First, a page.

Global Warfare, Round 3 of the Irish Drift Championship, the Pièce De Résistance of the drift season on the Emerald Isle. Throves of International drivers coupled with a one off custom built spectator orientated track within the compounds of Mondello Park.
Global Warfare 2 would see drivers from Ireland, England, Australia, America and more going door to door all weekend.
Since its conception, 11 years ago, many podiums have come and gone, many champions have rose and fallen, but the top of the podium has not welcomed the feet of an international competitor, yet.
And with the talisman of Irish drifting, James Deane, unable to compete as he was defending his Drift Allstars Championship in Sweden. One man was hell-bent on taking top spot.
Luke Fink has blazed a trail through Ireland and Europe in the Low Brain Drifters PS13 since arriving on the continent earlier this year. Fink plays the game perfectly on and off the track, talking thrash and backing it up, all in the name of good fun with the other drivers on the grid.
Current Formula D points leader, Ryan Tuerck partnered up with Team Japspeed again for the weekend but would struggle to get to grips in the RHD 2JZ IS200 in time for the Top 32.
Fan favorite Phil Morrison and the DW86 were back on form after a curb crunching crash at the Birmingham Motor Show, seeing much of the suspension in the ASCAR V8 AE86 being replaced.
Ever changing weather conditions reeked havoc on the Kildare countryside all weekend.
Tire shredding levels of heat in the tarmac would in an instant change to a deluge of flood proportions.
Drivers were scrambling between runs to adjust tire pressure to cope with the patches of traction throughout the course. Spotters played a vital role in assessing where and when the track had hidden grip.
A long, straight run up forced drivers into initiating through clip one. Any driver hesitating to initiate early was brought straight into the talking point of the weekend.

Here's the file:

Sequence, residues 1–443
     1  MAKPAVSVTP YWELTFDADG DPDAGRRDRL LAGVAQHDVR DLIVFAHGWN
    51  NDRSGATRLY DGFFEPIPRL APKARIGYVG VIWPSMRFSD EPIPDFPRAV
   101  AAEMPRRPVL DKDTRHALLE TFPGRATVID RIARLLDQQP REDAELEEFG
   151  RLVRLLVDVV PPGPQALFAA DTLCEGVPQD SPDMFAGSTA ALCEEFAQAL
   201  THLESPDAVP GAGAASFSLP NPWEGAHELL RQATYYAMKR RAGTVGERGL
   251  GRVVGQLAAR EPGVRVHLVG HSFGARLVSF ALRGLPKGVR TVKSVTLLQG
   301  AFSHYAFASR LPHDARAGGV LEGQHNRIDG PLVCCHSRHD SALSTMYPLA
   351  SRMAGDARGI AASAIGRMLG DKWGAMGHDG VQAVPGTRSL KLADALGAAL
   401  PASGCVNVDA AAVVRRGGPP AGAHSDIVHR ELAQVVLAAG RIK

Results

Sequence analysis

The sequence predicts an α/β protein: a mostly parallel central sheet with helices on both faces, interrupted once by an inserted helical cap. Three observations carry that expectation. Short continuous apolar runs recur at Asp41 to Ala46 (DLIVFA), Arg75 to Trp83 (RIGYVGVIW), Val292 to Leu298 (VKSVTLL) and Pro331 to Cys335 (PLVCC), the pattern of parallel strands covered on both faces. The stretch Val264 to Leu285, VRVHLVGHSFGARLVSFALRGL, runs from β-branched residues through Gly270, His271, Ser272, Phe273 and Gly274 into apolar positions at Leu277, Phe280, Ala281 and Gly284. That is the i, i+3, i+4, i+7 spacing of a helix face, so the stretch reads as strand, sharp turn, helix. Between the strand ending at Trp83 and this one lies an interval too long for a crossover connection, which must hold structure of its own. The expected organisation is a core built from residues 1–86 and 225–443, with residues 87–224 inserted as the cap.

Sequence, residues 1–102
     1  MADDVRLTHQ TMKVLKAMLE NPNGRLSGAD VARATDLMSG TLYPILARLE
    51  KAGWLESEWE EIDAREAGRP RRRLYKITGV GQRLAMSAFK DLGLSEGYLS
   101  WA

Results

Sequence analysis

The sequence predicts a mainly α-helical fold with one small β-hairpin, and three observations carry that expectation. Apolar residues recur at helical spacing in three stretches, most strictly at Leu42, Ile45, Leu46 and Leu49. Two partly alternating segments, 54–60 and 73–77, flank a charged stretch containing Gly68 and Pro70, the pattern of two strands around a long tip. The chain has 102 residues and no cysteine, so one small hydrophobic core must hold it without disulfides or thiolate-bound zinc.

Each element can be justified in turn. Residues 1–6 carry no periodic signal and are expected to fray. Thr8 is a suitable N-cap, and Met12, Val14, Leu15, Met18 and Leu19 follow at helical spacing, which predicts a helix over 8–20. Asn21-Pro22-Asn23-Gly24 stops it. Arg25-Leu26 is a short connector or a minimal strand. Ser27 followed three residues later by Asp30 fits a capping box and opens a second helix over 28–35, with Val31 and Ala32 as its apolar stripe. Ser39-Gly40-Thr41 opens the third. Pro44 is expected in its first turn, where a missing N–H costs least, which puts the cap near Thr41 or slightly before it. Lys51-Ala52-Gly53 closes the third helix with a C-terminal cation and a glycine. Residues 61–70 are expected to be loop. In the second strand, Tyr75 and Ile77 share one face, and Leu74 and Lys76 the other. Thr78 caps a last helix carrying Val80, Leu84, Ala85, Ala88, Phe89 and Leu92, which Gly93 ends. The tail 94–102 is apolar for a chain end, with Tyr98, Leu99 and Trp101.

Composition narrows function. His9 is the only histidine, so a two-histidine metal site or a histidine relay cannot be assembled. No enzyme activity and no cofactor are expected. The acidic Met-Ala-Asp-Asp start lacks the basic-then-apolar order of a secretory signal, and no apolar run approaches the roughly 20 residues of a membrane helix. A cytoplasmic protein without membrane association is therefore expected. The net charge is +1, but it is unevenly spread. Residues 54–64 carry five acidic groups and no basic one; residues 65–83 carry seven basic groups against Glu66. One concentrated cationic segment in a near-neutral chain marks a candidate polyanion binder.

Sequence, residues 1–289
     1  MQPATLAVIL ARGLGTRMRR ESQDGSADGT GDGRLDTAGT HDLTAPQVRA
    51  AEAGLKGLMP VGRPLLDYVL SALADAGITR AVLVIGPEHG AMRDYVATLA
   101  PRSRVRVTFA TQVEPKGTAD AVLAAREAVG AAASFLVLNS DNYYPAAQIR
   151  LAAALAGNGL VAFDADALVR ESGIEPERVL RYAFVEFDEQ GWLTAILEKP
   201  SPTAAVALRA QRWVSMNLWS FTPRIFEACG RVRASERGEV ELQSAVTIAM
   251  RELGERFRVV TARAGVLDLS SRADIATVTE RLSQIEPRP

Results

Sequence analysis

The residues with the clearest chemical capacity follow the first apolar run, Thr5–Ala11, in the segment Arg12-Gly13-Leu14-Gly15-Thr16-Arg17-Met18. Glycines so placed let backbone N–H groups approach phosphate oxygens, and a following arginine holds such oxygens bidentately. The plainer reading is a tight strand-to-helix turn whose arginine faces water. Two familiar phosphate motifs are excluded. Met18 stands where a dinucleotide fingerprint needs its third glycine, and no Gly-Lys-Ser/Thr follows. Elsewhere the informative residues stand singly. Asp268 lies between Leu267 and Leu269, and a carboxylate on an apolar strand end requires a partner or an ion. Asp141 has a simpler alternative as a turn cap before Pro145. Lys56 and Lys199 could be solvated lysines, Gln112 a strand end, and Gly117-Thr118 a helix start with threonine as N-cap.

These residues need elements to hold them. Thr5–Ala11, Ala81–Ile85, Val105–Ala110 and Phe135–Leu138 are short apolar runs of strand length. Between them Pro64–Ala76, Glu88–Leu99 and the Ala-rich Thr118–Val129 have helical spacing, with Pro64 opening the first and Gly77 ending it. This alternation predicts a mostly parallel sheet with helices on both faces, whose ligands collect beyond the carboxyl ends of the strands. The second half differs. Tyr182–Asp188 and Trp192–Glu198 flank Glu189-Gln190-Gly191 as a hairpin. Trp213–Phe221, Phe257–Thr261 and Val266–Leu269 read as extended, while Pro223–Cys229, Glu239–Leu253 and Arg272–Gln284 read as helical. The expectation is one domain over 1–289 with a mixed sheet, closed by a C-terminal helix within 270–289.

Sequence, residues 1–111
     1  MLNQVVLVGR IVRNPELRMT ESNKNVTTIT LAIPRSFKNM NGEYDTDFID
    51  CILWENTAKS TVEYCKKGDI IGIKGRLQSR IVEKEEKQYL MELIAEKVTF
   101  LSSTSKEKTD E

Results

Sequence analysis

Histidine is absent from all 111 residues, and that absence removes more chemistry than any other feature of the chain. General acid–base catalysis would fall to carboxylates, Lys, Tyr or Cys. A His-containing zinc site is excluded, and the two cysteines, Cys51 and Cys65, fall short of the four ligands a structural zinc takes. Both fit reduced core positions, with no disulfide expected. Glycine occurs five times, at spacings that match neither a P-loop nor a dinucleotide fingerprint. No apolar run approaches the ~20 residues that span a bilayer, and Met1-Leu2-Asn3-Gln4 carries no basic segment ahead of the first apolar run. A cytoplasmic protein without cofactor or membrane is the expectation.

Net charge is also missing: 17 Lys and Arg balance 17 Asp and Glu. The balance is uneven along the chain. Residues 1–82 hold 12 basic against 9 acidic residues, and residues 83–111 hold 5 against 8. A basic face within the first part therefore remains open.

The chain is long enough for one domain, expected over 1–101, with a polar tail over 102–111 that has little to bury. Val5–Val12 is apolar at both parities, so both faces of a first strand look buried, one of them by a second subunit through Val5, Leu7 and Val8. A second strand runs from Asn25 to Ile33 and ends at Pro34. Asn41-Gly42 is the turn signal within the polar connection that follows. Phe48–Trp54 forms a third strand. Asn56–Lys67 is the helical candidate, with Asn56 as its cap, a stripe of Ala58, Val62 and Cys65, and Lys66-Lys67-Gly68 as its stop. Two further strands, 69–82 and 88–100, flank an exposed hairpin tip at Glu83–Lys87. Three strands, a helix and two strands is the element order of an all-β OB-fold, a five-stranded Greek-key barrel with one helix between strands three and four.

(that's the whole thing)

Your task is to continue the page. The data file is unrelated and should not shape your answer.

Clip two housed a perpendicular rear clipping point paired with an ominous concrete wall was ready and willing to claim a drivers weekend. Social media was rife on Friday evening, with video of Formula D veteran Robbie Nshida going in after a late initiation, spelling an end to Darren McNamara’s LHD PS13.
At Round two, Dave Egan made the announcement that Team Achilles would compete in familiar surroundings, with the infamous Daigo Saito and the rest of the team piloting their own machines. Unfortunately delays in shipping meant that the cars would arrive in Ireland three days too late.
Maths and Geography books during the week, 700hp tire destroying chaos at the weekends. Two future champions of drifting, Tomas Kiely and Jack Shanahan would become upgraded to hero status over the weekend, taking down the biggest names battle by battle.
With a combined age of 30, and racing maturity beyond their years, the rise of Jack and Tomas is only beginning.
Global Warfare has once again put the spotlight on Irish Drift Championship and its drivers to an audience around the world.
For the second year running, the best of the best came to test their wits to topple the Irish stronghold on the top of the podium but none could conquer.
As a spectator and as a fan of Irish drifting for over half my years on this planet, I have seen Global Warfare bring a zest of life into competitive drifting in Ireland. Its a break from the norm that brings the face and cars usually reserved to the videos from social media around the world, to a small racetrack in the Irish countryside for one weekend a year.
With the half way mark of the season now surpassed, its down to the nitty-gritty section of the Championship with every point being a vital life line. Jack Shanahan is currently perched on top, but with Tomas Kiely hot on his tail and James Deane rounding off the top 3, the season is all to play for with just two rounds remaining.
Words & images: Adam O’Connor
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